After keeping beaches open during Spring Break and likely helping to spread the novel coronavirus to the rest of the U.S., Florida is now doing its part to ensure its resurgence -- flattened curves be damned.
On Thursday, Florida Gov. Ron DeSantis relaxed the state's restrictions on social distancing. This cracked the door for beaches and parks in some areas to reopen, and the city of Jacksonville flung it wide open on Friday.
Jacksonville reopened its beaches at 5pm after Mayor Lenny Curry was "encouraged" by the city's infection rate, but are those true numbers clear?
According to Common Dreams and the Daily Mail, there may be some discrepancies in how the case rate is being counted.
(via Common Dreams): The number of new cases in 24 hours in Duval County dropped from 43 on April 13 to 17 on April 15, however hospitalizations remained the same with 63 each day over the last 48 hours. Neither have dropped consistently in two weeks and the total number of infections stands at 780.
Florida has been fighting releasess of COVID deaths in nursing homes and private prisons, and isn't counting seasonal residents (a huge chunk of the state's population) in their COVID totals https://t.co/VWD99bY1C6— ? (@lib_crusher) April 17, 2020
Nevertheless, Curry, who called opening the beaches a possible "beginning of the pathway back to normal life," said that people can resume walking, biking, hiking, fishing, running, swimming, taking care of pets, and surfing from 6 to 11 a.m. and 5 to 8 p.m.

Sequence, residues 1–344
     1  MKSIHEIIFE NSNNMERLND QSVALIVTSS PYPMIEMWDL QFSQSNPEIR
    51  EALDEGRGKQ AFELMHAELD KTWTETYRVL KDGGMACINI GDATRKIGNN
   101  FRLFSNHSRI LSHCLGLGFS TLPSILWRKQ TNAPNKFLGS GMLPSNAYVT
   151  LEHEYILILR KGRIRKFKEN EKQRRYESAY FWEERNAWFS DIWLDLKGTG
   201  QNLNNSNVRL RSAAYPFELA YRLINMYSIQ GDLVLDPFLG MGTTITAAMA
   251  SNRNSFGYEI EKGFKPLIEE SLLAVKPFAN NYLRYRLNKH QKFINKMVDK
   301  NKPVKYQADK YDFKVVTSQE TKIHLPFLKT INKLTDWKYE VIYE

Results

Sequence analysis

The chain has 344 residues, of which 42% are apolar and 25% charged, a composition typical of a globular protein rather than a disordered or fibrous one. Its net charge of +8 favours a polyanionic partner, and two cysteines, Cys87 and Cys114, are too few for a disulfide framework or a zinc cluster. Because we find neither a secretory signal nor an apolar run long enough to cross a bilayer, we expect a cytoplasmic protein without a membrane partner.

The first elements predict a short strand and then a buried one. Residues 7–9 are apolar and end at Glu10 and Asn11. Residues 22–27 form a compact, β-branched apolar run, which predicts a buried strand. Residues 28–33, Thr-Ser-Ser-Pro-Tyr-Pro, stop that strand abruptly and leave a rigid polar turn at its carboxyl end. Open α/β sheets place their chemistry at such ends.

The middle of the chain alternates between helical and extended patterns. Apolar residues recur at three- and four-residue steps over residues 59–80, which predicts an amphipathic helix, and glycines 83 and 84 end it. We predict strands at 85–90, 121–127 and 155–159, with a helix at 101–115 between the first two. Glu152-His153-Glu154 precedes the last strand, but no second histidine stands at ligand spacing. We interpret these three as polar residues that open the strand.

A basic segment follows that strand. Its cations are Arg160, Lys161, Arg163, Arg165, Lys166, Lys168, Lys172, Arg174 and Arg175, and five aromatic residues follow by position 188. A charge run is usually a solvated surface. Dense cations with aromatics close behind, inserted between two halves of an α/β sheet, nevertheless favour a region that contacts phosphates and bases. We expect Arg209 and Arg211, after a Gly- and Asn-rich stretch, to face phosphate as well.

Statewide, Florida's coronavirus case numbers were climbing even as Gov. DeSantis issued the order. Miami reporter Brian Entin posted proof on Twitter:
Florida testing numbers spiked yesterday with 17,251 tests -- the most recorded by the state over the past week.— Brian Entin (@BrianEntin) April 17, 2020
Statewide: 236,503 tests/10.3% positive
Miami-Dade: 50,043 tests/17.2% positive
Broward: 31,317 tests/11.7% positive
Palm Beach: 13,274 tests/14.9% positive pic.twitter.com/lEWOLdn5Kl
With no consistent testing procedures nor case counting standards in place locally, statewide, or across the nation, there is no way to truly know who is and is not infected with the novel coronavirus. What is clear, however, is that people are dying from COVID-19 and will continue to do so as barriers to its spread are removed.